Lamb Loin Chops

Casey Barber | Good. Food. Stories. Updated

Lamb loin chops with gremolata make for a hearty and delicious meal. Sunday supper is calling!

Roasted Lamb Chops Photo

Maybe it's because of its connotations with Easter, or maybe it's because people are more wary of cooking it than they are a sirloin steak or pork chop, but lamb has an unfair reputation as a special-occasion meat.

And while it's true I can't hunker down to eat a four-pound boneless lamb leg roast every night of the week, I can throw a few lamb chops in a pan and roast them up into a juicy, flavorful dinner for two - or even for one if I'm craving a steak but don't want a huge portion of red meat.

Though rib chops, the tender lollipop-shaped pieces of lamb, are the most common cut for a quick pan-sear preparation, I'm a fan of loin chops. They give you about the same ratio of meat per pound as rib chops, but they're like miniature T-bone steaks (and in fact come from the same anatomical region of the lamb as T-bones and porterhouses do on a cow, with similar marbled flavor).

Served with a bunch of roasted broccoli and cauliflower or a bowl of baked rosemary French fries, roasted lamb loin chops feel like a special occasion dinner without the work.

Marinated Lamb Chops Photo

And they essentially prepare themselves when you rub them combine them with a Gremolata recipe, the Italian catch-all term for a chopped herb, lemon, and garlic mixture that's used with abandon in many savory dishes.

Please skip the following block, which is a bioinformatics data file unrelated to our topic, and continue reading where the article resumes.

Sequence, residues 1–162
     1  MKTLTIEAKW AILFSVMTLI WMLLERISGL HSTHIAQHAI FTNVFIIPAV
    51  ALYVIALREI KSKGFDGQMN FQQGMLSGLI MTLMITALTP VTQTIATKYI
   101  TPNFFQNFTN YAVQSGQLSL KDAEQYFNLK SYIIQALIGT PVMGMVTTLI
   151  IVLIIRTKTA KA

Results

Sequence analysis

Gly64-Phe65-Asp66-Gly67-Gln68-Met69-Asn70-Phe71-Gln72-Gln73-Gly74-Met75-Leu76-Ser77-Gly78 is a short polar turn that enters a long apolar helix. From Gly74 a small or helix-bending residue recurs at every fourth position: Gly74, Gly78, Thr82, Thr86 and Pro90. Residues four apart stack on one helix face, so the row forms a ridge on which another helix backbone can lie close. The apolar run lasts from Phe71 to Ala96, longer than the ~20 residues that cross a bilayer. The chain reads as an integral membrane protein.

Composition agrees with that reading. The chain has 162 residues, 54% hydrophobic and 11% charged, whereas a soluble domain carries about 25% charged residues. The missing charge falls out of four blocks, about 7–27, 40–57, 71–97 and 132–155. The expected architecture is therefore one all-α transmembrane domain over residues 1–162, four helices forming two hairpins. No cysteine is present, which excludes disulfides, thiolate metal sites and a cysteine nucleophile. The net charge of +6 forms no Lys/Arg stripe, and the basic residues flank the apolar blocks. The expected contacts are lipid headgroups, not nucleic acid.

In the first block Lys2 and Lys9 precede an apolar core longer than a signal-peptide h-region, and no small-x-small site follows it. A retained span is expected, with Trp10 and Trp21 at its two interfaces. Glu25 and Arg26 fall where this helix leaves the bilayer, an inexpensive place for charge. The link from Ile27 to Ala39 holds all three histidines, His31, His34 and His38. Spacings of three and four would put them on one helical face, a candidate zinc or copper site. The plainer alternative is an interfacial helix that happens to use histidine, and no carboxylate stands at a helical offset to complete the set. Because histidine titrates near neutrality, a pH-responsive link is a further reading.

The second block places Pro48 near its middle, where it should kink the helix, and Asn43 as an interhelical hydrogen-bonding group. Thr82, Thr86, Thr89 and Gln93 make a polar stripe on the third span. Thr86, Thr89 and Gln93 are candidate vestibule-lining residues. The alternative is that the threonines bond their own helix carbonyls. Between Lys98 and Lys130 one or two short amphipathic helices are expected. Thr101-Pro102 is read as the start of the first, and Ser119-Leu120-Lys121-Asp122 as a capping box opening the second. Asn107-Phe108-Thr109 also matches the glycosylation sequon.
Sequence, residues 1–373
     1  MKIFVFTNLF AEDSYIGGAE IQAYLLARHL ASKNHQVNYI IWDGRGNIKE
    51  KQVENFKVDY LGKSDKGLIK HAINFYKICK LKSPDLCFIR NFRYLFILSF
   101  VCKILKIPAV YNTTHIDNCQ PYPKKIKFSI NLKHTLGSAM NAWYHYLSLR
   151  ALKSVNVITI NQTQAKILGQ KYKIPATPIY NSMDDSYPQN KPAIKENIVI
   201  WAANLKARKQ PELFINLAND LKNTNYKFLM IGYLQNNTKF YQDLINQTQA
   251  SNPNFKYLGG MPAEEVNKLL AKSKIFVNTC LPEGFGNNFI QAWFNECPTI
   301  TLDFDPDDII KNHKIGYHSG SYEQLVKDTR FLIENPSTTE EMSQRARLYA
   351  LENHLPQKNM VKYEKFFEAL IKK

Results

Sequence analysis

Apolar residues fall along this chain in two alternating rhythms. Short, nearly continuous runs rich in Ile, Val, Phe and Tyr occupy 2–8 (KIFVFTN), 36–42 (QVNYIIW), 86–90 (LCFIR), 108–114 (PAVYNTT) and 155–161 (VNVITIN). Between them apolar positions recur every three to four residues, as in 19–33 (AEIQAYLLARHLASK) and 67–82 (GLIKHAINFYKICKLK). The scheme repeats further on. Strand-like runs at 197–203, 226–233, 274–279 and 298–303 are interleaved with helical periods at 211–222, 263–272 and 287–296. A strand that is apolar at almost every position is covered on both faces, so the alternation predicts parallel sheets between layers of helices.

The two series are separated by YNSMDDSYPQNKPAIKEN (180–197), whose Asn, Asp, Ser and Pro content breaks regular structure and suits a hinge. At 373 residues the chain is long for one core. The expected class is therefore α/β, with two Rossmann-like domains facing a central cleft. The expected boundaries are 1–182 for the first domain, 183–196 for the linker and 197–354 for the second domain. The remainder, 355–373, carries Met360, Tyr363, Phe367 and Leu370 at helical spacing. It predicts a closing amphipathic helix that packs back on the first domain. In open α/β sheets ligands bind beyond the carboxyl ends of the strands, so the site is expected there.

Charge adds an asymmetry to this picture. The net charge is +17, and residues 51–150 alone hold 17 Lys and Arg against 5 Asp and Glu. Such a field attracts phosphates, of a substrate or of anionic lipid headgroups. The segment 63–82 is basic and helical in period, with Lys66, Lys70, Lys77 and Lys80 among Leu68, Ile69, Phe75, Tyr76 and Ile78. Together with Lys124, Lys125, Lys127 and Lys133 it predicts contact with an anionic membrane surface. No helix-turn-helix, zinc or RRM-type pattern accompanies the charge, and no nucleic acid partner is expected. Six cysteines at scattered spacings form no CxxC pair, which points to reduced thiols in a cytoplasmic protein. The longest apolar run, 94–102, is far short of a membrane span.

It's often used as a sprinkled garnish for the Milanese braised veal dish osso buco, but there's no law saying you can't use it on other cuts of meat. Or with fish or vegetable or shrimp recipes off the grill.

(It also makes a dead simple pasta dinner on those nights when the fridge and pantry are echoingly empty.)

Though parsley, garlic, and lemon are standby ingredients in gremolata, like its use across Italian cuisine, there's no hard and fast rule dictating which herbs and citrus zest need to be included, so feel free to have fun with combinations in your own kitchen.

Throw in some rosemary as I've done below, or a little mint (another natural pairing with roasted lamb). Got an extra orange withering away in your fruit bowl? Zest that bad boy up and see where it takes you.

Lamb Loin Chops Recipe

    4 Servings


  • 1/2 cup Flat-leaf Parsley
  • 1 tablespoon Rosemary
  • 2 cloves Garlic
  • 1 Lemon, organic, zested
  • 1/2 teaspoon Kosher Salt
  • 2 tablespoons Extra Virgin Olive Oil
  • 4 large Lamb Loin Chops


  1. Mince the parsley, rosemary, and garlic on a large cutting board, then scrape them all together into one big pile and sprinkle the lemon zest and salt on top.
  2. Mince the entire pile of herbs and aromatics together with your knife to create a coarse paste. Transfer to a bowl and mix with the olive oil.
  3. Rub the paste on the lamb, coating thickly and evenly on all sides. Cover and refrigerate for at least 4 hours.
  4. Preheat the oven to 400˚F.
  5. Heat a wide, heavy-bottomed sauté pan or cast iron skillet over medium-high heat for about 4 minutes until searing hot. Add the lamb chops, making sure not to crowd the pan, and cook for about 3 minutes per side until browned.
  6. Transfer the pan to the oven and cook until a meat thermometer inserted into the thickest part of the chop registers 145˚F for medium-rare and 150˚F for medium doneness. (Make sure not to rest the tip of the thermometer against the bone, or you'll get an inaccurate reading.)
  7. Remove the pan from the oven with potholders or mitts and transfer the lamb to a plate or cutting board. Let rest, loosely covered with foil, for 5 minutes before serving.
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Casey Barber

About Casey

Casey loves the Mets, Pittsburgh, and all things food, which she writes about on Good. Food. Stories. She's sharing her heritage and authentic Italian recipes as our Italian Fanatic.